My constituents, Mrs. Faulkner and Mrs. Donin, want an explanation. Both of their names mysteriously appeared on the PMO list to receive a Rosh Hashanah greeting, but neither is Jewish. They want to know how they were identified with a religious affiliation they do not hold and why there is such a list.

Calls to the PMO went unanswered, so today I ask the Prime Minister again if he will explain how his office compiled the lists?

Holiday GreetingsOral Questions

2:35 p.m.

Calgary Southeast Alberta

Conservative

Jason Kenney ConservativeSecretary of State (Multiculturalism and Canadian Identity)

Mr. Speaker, I am sorry to hear that she did not enter into the happiness of the Rosh Hashanah new year, but I can quote from the executive vice-president of the Canadian Jewish Congress, who said, “I don't think there is anything nefarious here whatsoever” and that most people in the community would appreciate this.

Frank Dimant of B'nai Brith Canada said, “I really do think there's a very sinister motivation by individuals who are asking for an examination of where these lists came from or how they were accumulated”. What is her sinister motivation?

Before she answers that, I would like her to tell us whether she has ever sent out Rosh Hashanah cards, or other Liberals have, to members of the Jewish community.

Holiday GreetingsOral Questions

2:40 p.m.

Liberal

Susan Kadis Liberal Thornhill, ON

Mr. Speaker, Canadians expect their privacy to be protected, not exploited.

The Prime Minister's Office has dodged calls on questions on this issue from my constituents. I have had to write a letter to the Privacy Commissioner at the request of one of my constituents for an answer, but they want to hear from the Prime Minister. How did their names get placed on the list? The PMO could not have received their names from public lists as they are not constituents of the Jewish faith.

How did the PMO access their private information? Will the Prime Minister explain how the list was compiled?

Holiday GreetingsOral Questions

2:40 p.m.

Calgary Southeast Alberta

Conservative

Jason Kenney ConservativeSecretary of State (Multiculturalism and Canadian Identity)

Mr. Speaker, I understand why the member did not want to answer my question. Perhaps it is because this morning I received an email from a constituent of hers, Mr. Arthur Burke, and I would be happy to table this. It says:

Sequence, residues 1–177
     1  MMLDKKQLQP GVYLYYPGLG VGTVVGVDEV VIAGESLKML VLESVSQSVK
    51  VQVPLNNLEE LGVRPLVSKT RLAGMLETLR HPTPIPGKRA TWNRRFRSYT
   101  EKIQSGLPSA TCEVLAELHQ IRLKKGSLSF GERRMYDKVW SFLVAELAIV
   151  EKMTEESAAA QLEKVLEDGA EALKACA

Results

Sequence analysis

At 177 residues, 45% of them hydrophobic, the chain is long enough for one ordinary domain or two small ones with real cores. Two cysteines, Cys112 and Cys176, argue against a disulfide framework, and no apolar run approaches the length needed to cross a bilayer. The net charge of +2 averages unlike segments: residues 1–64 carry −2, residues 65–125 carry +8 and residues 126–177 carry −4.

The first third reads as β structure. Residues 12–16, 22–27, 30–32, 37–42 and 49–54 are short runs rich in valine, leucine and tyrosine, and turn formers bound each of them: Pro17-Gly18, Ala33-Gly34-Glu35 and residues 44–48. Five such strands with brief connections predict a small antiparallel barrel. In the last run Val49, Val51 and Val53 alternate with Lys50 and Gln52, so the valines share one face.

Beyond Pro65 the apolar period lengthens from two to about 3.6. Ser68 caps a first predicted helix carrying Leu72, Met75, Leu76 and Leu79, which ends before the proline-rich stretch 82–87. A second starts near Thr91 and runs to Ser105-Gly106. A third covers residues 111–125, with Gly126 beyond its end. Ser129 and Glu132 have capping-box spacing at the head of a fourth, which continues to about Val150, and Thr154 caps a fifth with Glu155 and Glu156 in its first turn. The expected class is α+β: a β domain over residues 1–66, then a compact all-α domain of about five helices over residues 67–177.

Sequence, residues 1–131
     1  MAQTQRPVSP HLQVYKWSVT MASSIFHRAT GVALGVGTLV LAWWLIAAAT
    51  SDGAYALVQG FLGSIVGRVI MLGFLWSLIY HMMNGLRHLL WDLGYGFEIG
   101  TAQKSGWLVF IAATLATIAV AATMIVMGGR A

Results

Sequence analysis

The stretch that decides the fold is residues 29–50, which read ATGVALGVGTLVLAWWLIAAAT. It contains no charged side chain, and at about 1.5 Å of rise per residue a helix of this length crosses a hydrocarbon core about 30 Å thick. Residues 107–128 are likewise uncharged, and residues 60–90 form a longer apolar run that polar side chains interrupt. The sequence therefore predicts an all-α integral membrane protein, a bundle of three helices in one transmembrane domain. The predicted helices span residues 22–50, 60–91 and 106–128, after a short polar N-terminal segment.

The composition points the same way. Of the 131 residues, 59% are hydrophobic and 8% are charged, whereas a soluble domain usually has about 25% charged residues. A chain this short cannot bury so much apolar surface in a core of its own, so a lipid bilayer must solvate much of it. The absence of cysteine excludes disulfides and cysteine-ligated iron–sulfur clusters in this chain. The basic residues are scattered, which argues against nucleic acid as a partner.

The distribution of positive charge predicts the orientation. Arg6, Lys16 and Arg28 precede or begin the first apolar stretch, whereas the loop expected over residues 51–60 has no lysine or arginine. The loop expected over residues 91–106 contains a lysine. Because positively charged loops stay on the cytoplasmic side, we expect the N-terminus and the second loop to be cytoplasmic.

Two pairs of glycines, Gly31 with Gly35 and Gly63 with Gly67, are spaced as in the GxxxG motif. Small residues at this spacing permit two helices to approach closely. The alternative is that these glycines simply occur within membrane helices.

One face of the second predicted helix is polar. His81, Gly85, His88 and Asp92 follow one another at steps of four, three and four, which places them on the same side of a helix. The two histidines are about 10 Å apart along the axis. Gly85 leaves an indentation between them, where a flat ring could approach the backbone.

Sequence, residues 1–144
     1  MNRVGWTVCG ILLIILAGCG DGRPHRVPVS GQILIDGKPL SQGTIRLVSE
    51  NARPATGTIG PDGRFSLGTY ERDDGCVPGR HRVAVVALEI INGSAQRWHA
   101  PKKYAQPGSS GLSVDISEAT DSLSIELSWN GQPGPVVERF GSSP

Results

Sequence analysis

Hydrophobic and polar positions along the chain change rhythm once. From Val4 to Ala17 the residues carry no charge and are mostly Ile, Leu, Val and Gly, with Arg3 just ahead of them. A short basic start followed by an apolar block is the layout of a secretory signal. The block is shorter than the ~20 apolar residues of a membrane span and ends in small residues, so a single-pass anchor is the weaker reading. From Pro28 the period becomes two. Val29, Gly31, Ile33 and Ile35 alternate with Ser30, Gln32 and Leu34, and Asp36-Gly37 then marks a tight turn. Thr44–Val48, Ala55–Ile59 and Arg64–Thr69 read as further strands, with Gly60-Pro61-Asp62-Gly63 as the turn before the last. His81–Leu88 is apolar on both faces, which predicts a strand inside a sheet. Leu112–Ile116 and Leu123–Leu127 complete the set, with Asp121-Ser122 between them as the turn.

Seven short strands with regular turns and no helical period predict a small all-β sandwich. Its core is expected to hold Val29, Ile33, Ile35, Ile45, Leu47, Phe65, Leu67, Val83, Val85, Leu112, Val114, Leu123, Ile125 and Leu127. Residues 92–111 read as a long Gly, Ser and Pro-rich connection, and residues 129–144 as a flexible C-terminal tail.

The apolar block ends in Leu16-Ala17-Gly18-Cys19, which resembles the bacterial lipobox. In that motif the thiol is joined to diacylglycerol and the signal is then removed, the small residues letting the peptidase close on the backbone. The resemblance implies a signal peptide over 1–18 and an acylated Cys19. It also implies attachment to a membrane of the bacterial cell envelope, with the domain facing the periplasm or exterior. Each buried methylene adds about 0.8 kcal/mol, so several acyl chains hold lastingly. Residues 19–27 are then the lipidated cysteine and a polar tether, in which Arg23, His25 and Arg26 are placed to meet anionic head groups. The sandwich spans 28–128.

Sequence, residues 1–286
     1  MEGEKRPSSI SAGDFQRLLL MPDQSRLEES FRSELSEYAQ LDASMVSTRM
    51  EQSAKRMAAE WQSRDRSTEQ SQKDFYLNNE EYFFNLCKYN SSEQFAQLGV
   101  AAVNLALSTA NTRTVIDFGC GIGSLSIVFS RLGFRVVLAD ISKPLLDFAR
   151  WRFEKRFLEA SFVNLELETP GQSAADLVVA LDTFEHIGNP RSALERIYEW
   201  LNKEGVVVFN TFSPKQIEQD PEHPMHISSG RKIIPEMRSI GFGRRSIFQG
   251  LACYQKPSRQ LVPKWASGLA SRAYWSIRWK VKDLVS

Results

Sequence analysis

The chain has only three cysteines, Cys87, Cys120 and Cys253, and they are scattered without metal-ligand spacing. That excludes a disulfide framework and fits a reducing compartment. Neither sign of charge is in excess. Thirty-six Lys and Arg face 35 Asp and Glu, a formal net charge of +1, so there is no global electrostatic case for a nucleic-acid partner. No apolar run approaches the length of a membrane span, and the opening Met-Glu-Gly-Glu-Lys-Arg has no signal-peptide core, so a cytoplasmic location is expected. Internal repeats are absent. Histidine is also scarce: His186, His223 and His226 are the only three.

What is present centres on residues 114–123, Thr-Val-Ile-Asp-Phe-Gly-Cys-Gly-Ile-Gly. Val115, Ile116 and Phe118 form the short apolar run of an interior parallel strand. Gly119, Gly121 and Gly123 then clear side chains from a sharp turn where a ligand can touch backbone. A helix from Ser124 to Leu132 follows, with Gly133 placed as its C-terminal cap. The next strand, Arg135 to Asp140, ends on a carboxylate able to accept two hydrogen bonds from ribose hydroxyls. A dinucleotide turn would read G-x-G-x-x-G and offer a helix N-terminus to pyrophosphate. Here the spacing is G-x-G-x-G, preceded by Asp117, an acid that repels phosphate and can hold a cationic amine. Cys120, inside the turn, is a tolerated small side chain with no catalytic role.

Dear Sir:

I received a Rosh Hashanah card from my MP, [the MP for Thornhill]. I don't know from where she received my address or how she knew my religious affiliation. I would be very appreciative if you might be able to look into this

We know that Rosh Hashanah is the Jewish new year, but it seems for that member it is the high holiday for hypocrisy.

Holiday GreetingsOral Questions

2:40 p.m.

Liberal

Garth Turner Liberal Halton, ON

Mr. Speaker, the Secretary of State for--

Holiday GreetingsOral Questions

2:40 p.m.

Some hon. members

Oh, oh!

Holiday GreetingsOral Questions

2:40 p.m.

Liberal

The Speaker Liberal Peter Milliken

Order, please. I know members on both sides seem to disagree on this point, but we have to have some order in the House so we can proceed with the discussion.

The hon. member for Halton has the floor now.

Holiday GreetingsOral Questions

2:40 p.m.

Liberal

Garth Turner Liberal Halton, ON

Mr. Speaker, now that the Secretary of State (Multiculturalism and Canadian Identity) has admitted that the government used private information to send unsolicited mail to Canadians, will he now apologize and, better still, tell us where that information came from? Are Conservative members of Parliament collecting that from their constituents, yes or no?

Holiday GreetingsOral Questions

2:40 p.m.

Calgary Southeast Alberta

Conservative

Jason Kenney ConservativeSecretary of State (Multiculturalism and Canadian Identity)

Mr. Speaker, that proves once again that those members cannot think on their feet or retool during question period.

The fact is, like all members of Parliament, we have a program to provide holiday greetings. Most MPs perhaps over there only do it at Christmastime, but because we believe in multiculturalism we share holiday greetings on important festivities for all communities based on publicly available lists of information.

Those members should be apologizing for saying one thing and doing another.

Holiday GreetingsOral Questions

2:40 p.m.

Liberal

Garth Turner Liberal Halton, ON

Mr. Speaker, we are here to represent people. We are in our ridings to serve people.

Conservative members of Parliament have a party database in their offices in which is entered the private information of individual Canadians. Now he has just admitted that it is used.